Cam
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Steve French

 

From:
Roseville CA
Post  Posted 17 Jan 2019 9:32 pm    
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Just saw Johnny Cox’s set at the SWSGA gathering. I am definitely inspired to practice! Wish I could play like that! 😊
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John Butler

 

From:
Warrior River, Alabama, USA
Post  Posted 18 Jan 2019 6:48 pm     Inspire you to practice
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I love listening to all the great players and trying to learn from each of them. But when listen to Scott Anderson, I want to sit down and get to work! And whenever you (Mickey) zero-in on a song I like, I stay with you till I get it as close as I can. Love your teaching method. John
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Thiel Hatt

 

From:
Utah, USA
Post  Posted 18 Jan 2019 8:38 pm    
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For me, initially it was Jerry Byrd... Later Buddy Emmons and LLoyd Green and Ron Elliott and on goes the list !
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Charlie Thompson

 

From:
South Carolina, USA
Post  Posted 19 Jan 2019 5:08 am    
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Just about anytime I hear something I don't already know I am inspired to try and learn it, including a whole lot of Mickey Adams videos. Thanks again!
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Ken Byng


From:
Southampton, England
Post  Posted 23 Apr 2020 9:32 am    
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The players who inspire me are numerous. Buddy E, Buck Reid, Mike Johnson, Lloyd Green, Steve Palousek, Tommy White, Paul Franklin and many others. The only steel player who inspires me to drop everything and sit behind my guitar is Curly Chalker. His right hand technique is way beyond awesome.
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Tom Brumley


From:
Nixa, Mo, R.I.P.
Post  Posted 27 Apr 2020 7:49 am    
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Tom Brumley, Tom Brumley, Tom Brumley Very Happy
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Rolene Brumley
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Kevin Fix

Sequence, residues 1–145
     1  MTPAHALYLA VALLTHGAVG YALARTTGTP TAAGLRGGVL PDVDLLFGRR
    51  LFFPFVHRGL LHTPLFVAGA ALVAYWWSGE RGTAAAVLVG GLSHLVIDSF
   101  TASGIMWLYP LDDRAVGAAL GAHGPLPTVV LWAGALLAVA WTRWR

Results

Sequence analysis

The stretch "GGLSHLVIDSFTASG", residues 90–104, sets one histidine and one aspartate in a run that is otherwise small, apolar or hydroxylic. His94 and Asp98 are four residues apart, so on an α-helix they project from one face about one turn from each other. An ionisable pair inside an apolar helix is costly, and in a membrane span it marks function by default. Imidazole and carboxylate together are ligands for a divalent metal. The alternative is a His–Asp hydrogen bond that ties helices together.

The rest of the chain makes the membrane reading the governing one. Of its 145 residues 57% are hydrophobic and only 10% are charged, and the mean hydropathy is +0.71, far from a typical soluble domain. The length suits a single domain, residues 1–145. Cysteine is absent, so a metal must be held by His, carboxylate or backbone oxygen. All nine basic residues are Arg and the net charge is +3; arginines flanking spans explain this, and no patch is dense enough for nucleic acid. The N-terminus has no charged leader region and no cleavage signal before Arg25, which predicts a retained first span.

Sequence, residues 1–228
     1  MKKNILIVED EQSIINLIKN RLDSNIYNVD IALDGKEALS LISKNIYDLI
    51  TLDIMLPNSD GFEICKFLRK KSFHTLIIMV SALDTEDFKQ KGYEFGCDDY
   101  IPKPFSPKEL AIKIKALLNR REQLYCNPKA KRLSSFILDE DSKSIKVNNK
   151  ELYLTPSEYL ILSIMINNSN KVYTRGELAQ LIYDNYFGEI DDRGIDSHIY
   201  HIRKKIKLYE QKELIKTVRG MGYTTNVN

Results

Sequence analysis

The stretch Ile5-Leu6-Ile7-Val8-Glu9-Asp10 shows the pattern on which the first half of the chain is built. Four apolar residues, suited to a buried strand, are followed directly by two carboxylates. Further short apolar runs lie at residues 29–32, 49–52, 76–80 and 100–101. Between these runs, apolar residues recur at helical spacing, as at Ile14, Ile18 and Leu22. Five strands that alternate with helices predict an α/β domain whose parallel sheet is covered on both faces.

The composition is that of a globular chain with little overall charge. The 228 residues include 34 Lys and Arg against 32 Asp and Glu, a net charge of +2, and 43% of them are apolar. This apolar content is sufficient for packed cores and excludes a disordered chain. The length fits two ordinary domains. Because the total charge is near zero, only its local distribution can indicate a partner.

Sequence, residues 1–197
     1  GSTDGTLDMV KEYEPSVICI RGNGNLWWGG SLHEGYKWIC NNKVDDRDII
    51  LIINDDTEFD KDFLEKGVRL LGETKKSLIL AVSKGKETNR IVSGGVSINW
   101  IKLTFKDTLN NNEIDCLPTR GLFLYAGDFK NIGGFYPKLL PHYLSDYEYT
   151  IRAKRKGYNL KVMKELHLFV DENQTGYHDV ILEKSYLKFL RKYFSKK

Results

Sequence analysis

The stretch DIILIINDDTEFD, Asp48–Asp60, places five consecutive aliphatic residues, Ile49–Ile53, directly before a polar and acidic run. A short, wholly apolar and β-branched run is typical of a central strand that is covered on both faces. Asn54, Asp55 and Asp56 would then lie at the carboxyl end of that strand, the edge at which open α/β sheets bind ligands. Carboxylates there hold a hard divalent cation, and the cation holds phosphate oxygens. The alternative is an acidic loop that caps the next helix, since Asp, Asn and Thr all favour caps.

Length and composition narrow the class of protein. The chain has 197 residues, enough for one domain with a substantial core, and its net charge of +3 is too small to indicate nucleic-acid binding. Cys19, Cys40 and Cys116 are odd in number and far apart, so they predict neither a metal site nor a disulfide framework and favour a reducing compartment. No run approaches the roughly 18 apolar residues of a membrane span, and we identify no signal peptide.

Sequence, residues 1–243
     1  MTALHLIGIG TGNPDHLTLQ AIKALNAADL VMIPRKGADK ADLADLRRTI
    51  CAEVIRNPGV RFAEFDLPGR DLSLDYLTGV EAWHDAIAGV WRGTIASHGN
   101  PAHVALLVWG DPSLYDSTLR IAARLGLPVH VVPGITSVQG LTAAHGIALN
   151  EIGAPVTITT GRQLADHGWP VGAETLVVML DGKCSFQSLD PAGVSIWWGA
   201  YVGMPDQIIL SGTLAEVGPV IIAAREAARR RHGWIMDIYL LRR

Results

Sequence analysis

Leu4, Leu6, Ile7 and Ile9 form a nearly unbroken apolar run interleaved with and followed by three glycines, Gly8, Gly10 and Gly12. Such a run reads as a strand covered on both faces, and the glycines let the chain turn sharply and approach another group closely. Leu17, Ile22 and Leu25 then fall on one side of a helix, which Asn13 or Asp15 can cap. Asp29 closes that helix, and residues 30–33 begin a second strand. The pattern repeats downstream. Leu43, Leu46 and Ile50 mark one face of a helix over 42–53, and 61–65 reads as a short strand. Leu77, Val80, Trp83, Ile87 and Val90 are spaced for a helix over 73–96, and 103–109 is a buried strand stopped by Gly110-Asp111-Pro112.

From:
Michigan, USA
Post  Posted 27 Apr 2020 9:59 am    
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Lloyd Green and the Big "E" for sure and many more.
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John Drury


From:
Gallatin, Tn USA
Post  Posted 27 Apr 2020 4:36 pm    
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My list is a mile long, but lately It has been David Hartley that keeps me playing on into the wee hours.
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John Drury
NTSGA #3

"Practice cures most tone issues" ~ John Suhr
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David Mitchell

 

From:
Tyler, Texas
Post  Posted 29 Apr 2020 5:04 pm    
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I never practice but I should I guess. Singers and record producers inspire me the most because the better I sound on the last record the better chance I got of being called on the next record. On second thought I do practice. It's just practicing under a microscope trying to make a record. While recording I got time to perfect those licks.
Now if I had to listen to only one steel player for 6 months I'd say give me all the Lloyd Green albums you got. There's just something about his touch on a steel that moves my soul. Lloyd is my inspiration and has been since the 60's.
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Rich Upright


From:
Florida, USA
Post  Posted 30 Apr 2020 10:05 am    
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For me, the players that play with the most feeling & best tone are Dickey Overbey & Lloyd. Chills up my back kind of playing.
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Carl Mesrobian


From:
Salem, Massachusetts, USA
Post  Posted 7 May 2020 1:48 pm    
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Lots of them - Buddy Emmons, Lloyd Green, Doug Jernigan, Greg Leisz, Tony Arrowood, on and on.. Mike Daley, Bruce Bouton, Paul Franklin, Tommy White.
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--carl

"The better it gets, the fewer of us know it." Ray Brown
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John Drury


From:
Gallatin, Tn USA
Post  Posted 7 May 2020 10:01 pm    
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Carl Mesrobian wrote:
Lots of them - Buddy Emmons, Lloyd Green, Doug Jernigan, Greg Leisz, Tony Arrowood, on and on.. Mike Daley, Bruce Bouton, Paul Franklin, Tommy White.


Carl,
Greg Leisz is the MAN!
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John Drury
NTSGA #3

"Practice cures most tone issues" ~ John Suhr
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MIchael Bean


From:
North Of Boston
Post  Posted 8 May 2020 8:21 am    
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Lately, Buddy Emmons. For the past month and a half I've been learning C6, applied to Uni-12. I've been getting healthy doses of Buddy's Swingin' series albums, as well as the numerous performance videos available online.

Add a dollop of John Hughey.

My mind is being expanded regularly, and I'm loving it.
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MIchael Bean


From:
North Of Boston
Post  Posted 22 May 2020 5:41 am    
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I have to add Vance Terry to the list. Listening to Brisbane Bop 2 is really blowing me away and I can't wait to work on some of his stuff.